Self-Sanitizing Books in the Digital Era
Thomas Bowdler is alive and well, residing comfortably in tablets and e-readers across the globe.
Français: Pape Clément IV (Fresque de la Tour Ferrande à Pernesles Fontaine, Vaucluse, France) Photo credit: Wikipedia.
For as long as people have been writing, there have been groups dedicated to keeping words and phrases away from the public. English physician Thomas Bowdler began his crusade to expurgate objectionable verses from both Shakespeare and Gibbon in the 1800s, but he wasn't the first to impose his views of good taste on others--church censorship goes back centuries, such as when Pope Clement IV ordered the Jews of Aragon to submit all written work to Dominican censors prior to dissemination in the thirteenth century.
Today, the internet is full of filters and other mechanisms to block content. It's not news that China employs such filters on its ISPs--insiders call it "The Great Firewall"--it's more startling when expurgation happens on home turf, where freedom of speech supposedly reigns. In 2011 English professor Alan Gribben sanitized a new edition of Huckleberry Finn, replacing the pejorative term for a black man--which appears over 200 times in the book--with "slave," rationalizing tampering with Twain's classic in his introduction as as way to "spare the reader from a racial slur that never seems to lose its vitriol."
Even at college campuses across the country, professors are prefacing literature with so-called "trigger warnings" (often at the request of students, no less) when reading course material containing explicitly violent, sexual, or otherwise upsetting verbiage. In one example, an internal memo from Oberlin College in Ohio suggested professors flag any material containing elements of "classism, sexism, heterosexism, cissexism (bias against the transgendered), ableism (bias against the handicapped), and other issues of privilege and oppression." There was much backlash, and the college eventually backed away from the proposal. Still, there are plenty other schools accommodating student requests by including warnings on syllabi, and shielding students from material that might make them uncomfortable.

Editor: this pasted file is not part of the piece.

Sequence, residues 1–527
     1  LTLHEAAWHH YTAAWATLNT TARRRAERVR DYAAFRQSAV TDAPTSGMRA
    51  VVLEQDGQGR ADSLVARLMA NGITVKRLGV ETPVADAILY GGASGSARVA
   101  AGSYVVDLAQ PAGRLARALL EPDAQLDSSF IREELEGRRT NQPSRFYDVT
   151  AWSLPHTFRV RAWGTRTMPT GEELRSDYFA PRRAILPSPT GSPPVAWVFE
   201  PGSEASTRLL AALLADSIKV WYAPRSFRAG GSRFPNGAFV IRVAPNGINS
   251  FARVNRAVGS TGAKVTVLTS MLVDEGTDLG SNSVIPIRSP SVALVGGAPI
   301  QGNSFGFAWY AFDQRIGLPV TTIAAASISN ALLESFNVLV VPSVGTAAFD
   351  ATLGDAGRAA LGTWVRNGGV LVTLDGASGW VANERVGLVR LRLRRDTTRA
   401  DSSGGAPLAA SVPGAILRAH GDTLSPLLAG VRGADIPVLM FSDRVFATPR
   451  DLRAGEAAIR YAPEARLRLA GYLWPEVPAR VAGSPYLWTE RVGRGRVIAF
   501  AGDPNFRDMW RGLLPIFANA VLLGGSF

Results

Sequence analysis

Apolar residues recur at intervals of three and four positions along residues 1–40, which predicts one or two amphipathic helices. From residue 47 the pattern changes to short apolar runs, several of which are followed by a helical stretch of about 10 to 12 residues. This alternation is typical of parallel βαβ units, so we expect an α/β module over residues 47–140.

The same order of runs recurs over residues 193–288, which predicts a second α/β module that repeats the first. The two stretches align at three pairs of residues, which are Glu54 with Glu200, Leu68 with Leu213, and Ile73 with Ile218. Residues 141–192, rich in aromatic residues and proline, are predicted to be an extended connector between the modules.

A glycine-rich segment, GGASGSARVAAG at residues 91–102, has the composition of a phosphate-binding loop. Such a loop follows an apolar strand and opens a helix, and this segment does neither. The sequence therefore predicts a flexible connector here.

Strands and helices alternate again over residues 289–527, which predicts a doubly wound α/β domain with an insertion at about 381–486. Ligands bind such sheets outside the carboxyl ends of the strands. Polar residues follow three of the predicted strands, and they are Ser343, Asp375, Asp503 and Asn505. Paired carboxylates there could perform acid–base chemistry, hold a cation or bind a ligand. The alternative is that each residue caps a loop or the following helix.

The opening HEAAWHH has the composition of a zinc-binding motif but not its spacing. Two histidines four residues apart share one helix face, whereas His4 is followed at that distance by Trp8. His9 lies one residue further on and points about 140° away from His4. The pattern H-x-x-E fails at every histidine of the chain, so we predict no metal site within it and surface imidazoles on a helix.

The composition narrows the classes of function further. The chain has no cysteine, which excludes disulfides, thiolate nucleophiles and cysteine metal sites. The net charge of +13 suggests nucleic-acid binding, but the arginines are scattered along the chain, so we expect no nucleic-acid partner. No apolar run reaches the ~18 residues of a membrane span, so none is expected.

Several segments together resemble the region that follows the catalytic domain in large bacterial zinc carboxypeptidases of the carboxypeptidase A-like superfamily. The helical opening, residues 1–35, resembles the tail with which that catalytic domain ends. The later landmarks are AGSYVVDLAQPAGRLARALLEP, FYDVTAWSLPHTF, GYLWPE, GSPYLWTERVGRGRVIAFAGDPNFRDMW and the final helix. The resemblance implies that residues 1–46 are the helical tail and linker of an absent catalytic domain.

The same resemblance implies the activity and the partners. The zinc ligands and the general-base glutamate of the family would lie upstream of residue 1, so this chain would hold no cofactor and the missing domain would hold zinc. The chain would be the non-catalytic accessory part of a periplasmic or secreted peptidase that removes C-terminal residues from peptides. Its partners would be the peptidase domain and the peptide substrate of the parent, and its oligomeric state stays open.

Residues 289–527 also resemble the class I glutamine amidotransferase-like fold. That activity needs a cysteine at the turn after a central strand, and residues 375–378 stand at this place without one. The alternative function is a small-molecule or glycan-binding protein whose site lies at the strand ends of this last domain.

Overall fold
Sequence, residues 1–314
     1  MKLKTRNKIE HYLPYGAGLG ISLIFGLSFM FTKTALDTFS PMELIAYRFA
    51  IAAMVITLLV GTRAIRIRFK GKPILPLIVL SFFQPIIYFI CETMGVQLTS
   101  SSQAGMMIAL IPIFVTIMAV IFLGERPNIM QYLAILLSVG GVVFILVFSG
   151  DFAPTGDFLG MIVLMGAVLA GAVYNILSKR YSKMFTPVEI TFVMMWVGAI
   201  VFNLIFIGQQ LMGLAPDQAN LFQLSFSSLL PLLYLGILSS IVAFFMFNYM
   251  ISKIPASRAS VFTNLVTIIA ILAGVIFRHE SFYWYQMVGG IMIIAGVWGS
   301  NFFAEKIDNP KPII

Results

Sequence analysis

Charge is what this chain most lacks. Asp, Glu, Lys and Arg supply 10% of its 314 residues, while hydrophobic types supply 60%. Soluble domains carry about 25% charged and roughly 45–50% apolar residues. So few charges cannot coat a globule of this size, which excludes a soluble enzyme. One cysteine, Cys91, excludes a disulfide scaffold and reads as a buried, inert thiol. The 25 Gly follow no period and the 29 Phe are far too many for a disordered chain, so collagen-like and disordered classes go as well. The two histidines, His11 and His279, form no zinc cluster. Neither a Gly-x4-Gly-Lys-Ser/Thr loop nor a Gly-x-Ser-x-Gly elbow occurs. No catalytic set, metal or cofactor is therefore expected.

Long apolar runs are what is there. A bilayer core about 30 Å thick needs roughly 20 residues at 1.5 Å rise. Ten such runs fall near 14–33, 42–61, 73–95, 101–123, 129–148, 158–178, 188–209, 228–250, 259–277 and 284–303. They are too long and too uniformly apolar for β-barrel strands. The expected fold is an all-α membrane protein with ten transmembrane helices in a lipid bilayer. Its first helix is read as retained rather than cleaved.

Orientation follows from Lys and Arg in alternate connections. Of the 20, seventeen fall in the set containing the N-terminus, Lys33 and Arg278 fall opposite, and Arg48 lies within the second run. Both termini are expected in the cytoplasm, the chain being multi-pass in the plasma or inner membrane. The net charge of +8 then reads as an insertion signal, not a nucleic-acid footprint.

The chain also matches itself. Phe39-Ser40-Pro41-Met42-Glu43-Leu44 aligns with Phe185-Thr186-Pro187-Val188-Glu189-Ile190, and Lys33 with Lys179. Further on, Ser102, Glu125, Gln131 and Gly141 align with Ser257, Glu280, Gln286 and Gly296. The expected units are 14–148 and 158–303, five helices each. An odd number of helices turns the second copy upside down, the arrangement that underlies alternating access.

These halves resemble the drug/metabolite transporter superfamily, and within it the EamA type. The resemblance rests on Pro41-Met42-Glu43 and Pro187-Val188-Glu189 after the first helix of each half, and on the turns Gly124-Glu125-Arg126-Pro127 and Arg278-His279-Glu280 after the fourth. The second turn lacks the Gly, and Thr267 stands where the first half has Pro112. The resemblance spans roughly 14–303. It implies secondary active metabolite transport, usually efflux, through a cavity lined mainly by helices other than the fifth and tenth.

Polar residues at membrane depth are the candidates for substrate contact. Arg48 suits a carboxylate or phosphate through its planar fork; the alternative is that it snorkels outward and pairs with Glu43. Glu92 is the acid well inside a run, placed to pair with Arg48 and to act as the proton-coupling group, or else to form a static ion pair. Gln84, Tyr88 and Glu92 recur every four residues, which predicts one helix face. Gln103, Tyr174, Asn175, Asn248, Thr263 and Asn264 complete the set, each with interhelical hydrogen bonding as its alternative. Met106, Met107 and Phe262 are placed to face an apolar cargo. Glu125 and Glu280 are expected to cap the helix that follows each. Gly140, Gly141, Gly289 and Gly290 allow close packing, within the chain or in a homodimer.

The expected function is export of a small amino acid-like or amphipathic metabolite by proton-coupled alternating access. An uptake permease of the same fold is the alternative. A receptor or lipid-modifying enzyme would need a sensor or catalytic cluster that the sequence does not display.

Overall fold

As of January, readers needn't rely on academics or clerics to clean up their literature--there's an app for that. For free, consumers can download "Clean Reader" through the Apple Store or Google Play. Once installed, the app promises a sanitized version of any e-book available for purchase. Clean Reader's press release explains the process: "Clean Reader delivers the opportunity of reading any book without being exposed to profanity. By selecting how clean they want their books to appear, readers are presented the content of a book without offensive words and phrases. To preserve the context of the book, an alternative word with the same general meaning is available for each instance where a word is blocked from display."
Readers can even select just how devoid of profanity they want their book; levels are categorized as Clean, Cleaner, and Squeaky Clean. I spoke with Kirsten Maughan, co-developer of the application, who said that the product has already been downloaded about 1,000 times, in every state in America and eighty countries. "People seem to like it, but we've heard from both sides," she said. After our brief chat, Maughan called back, wishing to make clear that the Clean Reader app does not violate copyright laws - it doesn't actually change the text, it merely allows readers to self-sanitize as they wish. "We had a lot of lawyers look at it. They say we aren't violating author copyrights, and we are not censoring books. Users can even turn off the Clean Reader if they want. It's just a filter."
Is Clean Reader any different than the act of excising text in a physical book? Perhaps not. Clean Reader doesn't permanently change a text, but it does point to a larger trend at work, where readers of e-books stand on shifting sands of permanence in an ever-increasingly pixelated literary landscape. Should we be more troubled that readers are volunteering to avoid potentially squeamish material in the name of comfort? How much pleasure, inspiration, or cause for discussion (and education) is lost when a reader selects a Squeaky-Clean version of a text because of the potential to offend? I'm reminded of that oft-repeated phrase from Thomas Gray's poem "Ode on a Distant Prospect of Eton College" (1742): "Where ignorance is bliss, 'tis folly to be wise."